Hold order sought vs foreigners linked to workers’ abuse
DAGUPAN CITY — The National Bureau of Investigation has petitioned a court to issue hold departure orders against Taiwanese and Chinese fish farm operators who allegedly maltreated their workers, among them minors, at Sual town in Pangasinan province.
The petition was filed on July 30 against Tai Tse Yu, a Taiwanese, and Hau Quichang (also identified as Ho Chi-Chang) and Hau Xi-Ping, both Chinese, for allegedly forcing their employees to work under “exploitative, unhealthy and hazardous conditions” at their Sual marine farms.
The NBI and agencies like the Department of Social Welfare and Development undertook a rescue operation on July 19, freeing five minors tagged as victims of human trafficking and 39 adults working at the fish farm.
No search warrant
But the Pangasinan prosecutor dismissed on July 25 the human trafficking complaint that the NBI filed against the three foreigners, concluding that the operation was “tantamount to unreasonable search and seizure as it was undertaken without a search warrant.”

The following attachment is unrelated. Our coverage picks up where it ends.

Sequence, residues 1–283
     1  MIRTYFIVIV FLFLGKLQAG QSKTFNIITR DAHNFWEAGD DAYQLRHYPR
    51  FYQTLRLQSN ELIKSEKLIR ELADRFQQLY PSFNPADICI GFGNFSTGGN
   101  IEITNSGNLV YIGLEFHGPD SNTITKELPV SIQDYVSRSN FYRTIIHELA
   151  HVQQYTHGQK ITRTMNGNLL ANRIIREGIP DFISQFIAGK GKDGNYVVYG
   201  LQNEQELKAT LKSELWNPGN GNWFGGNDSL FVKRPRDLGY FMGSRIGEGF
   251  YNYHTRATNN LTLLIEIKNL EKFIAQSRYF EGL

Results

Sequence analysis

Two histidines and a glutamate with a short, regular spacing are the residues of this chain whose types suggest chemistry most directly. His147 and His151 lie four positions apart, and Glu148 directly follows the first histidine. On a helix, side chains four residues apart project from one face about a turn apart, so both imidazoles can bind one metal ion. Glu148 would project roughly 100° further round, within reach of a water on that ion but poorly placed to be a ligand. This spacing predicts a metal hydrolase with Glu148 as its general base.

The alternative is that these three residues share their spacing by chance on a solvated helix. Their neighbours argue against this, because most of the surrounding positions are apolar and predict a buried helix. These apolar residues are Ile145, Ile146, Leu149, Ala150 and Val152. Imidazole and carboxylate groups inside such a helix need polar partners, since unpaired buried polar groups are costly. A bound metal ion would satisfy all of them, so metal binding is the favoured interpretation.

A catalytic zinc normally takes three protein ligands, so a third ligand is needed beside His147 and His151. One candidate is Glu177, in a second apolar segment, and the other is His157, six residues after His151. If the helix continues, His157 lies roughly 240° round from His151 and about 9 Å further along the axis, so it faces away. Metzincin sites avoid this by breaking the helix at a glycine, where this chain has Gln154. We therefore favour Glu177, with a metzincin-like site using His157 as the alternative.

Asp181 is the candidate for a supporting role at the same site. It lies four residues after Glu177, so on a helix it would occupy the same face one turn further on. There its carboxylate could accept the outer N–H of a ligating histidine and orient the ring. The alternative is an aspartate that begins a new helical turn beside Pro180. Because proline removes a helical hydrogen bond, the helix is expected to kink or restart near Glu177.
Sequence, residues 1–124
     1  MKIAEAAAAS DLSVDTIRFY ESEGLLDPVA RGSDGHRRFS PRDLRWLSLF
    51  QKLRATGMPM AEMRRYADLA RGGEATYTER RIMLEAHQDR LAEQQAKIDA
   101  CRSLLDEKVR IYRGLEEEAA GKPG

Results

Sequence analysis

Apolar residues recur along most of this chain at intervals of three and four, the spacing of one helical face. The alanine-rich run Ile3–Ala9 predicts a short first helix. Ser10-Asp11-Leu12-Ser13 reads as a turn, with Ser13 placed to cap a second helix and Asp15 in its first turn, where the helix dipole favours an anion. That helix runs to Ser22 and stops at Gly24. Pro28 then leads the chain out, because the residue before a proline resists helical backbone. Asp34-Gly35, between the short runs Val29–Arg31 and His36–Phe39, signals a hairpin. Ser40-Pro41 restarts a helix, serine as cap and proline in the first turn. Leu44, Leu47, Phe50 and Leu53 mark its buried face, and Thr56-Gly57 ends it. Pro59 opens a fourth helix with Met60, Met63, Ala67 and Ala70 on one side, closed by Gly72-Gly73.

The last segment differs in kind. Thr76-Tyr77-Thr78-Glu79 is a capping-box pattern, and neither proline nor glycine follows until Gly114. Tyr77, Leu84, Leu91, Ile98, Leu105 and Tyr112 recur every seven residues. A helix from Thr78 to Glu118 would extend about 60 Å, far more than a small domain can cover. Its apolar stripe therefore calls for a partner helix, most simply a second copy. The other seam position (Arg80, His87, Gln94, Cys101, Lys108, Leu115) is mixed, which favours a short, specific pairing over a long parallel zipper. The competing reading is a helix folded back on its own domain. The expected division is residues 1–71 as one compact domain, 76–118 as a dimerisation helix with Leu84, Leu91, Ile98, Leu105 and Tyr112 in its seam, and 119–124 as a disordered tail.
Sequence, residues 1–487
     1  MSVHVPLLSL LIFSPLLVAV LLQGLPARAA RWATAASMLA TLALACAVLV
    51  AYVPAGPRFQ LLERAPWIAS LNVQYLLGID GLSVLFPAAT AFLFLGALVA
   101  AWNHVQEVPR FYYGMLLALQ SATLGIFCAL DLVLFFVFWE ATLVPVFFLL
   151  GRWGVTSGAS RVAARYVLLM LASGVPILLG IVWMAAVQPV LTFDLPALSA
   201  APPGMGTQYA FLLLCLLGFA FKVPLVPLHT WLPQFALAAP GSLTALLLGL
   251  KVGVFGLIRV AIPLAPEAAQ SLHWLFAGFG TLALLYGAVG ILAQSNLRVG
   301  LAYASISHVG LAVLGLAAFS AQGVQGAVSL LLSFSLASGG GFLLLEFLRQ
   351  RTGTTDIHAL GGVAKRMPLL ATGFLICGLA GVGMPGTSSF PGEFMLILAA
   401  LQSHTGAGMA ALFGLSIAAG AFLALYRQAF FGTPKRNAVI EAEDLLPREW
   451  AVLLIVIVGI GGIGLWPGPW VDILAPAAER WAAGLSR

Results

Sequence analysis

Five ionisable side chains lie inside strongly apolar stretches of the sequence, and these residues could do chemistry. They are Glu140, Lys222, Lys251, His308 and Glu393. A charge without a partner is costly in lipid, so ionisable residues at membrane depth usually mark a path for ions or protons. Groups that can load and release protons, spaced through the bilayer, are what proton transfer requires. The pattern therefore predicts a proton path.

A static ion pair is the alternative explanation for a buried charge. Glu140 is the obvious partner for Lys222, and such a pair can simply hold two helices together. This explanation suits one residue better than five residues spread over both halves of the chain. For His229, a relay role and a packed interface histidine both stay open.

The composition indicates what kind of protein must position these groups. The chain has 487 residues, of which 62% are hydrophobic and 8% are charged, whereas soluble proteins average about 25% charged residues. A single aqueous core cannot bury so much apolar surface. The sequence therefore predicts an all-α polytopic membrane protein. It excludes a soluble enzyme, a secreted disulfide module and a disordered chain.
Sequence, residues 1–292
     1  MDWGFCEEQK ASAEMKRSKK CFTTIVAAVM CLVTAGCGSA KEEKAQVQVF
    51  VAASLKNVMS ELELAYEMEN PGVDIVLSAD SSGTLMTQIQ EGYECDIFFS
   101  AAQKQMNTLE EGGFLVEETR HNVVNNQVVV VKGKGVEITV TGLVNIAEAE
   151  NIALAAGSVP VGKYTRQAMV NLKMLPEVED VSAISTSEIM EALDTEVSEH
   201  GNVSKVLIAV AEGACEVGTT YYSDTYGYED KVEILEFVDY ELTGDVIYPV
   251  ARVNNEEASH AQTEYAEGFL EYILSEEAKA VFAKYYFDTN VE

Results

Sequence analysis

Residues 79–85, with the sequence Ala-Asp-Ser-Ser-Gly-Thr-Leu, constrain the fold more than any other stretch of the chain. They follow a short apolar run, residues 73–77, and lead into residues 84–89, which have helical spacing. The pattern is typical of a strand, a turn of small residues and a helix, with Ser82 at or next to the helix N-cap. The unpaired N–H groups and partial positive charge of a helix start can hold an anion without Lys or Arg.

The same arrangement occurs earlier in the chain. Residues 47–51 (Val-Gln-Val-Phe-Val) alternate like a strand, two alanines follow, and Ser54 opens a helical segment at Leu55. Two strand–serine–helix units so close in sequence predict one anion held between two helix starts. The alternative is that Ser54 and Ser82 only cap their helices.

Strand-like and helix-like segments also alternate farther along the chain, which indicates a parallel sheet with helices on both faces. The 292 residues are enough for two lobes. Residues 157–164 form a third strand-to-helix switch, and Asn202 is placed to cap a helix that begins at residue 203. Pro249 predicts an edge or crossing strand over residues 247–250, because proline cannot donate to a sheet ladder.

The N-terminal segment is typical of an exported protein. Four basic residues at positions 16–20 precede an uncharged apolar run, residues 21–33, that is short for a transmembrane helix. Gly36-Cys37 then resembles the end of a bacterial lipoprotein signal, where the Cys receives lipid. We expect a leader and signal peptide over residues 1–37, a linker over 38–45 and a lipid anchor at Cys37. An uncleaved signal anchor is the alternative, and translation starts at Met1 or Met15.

Rizaldy Jaymalin, agent in charge of the NBI Dagupan district office, said the three foreigners were managers and supervisors of Super Mega Seashore Corp., which operates in Baquioen Bay.
He said the foreigners failed to produce their immigration papers and working permits during the rescue mission.
But in their affidavit, which was written in Filipino, the foreigners claimed they were vacationing tourists who offered to help manage the fish farm for free.
“We were surprised when we were told to accompany the NBI agents to Dagupan City where we were charged with violating Republic Act No. 9208, or the Anti-Trafficking in Persons Law, and Republic Act No. 7610, or the Special Protection of Children Against Abuse, Exploitation and Discrimination Act, when we had nothing to do with the children who filed the complaint, nor anyone else who were working at the fish farms,” they said.
In the NBI’s urgent ex-parte motion for the issuance of the hold departure order, Jaymalin described the foreigners as “flight risks.” The NBI, he said, had also filed a motion for reconsideration in the prosecutor’s office on July 30.
Provincial prosecutor Abraham Ramos, who dismissed the complaint, said, “The raid was not urgent and the authorities should have secured first a search warrant from a competent court before they conducted a search and seizure within the premises of the place of business of the respondents.”
Jaymalin said the dismissal of the complaint was “highly irregular” and “suspicious” because it was issued a day after the Chinese filed a counteraffidavit.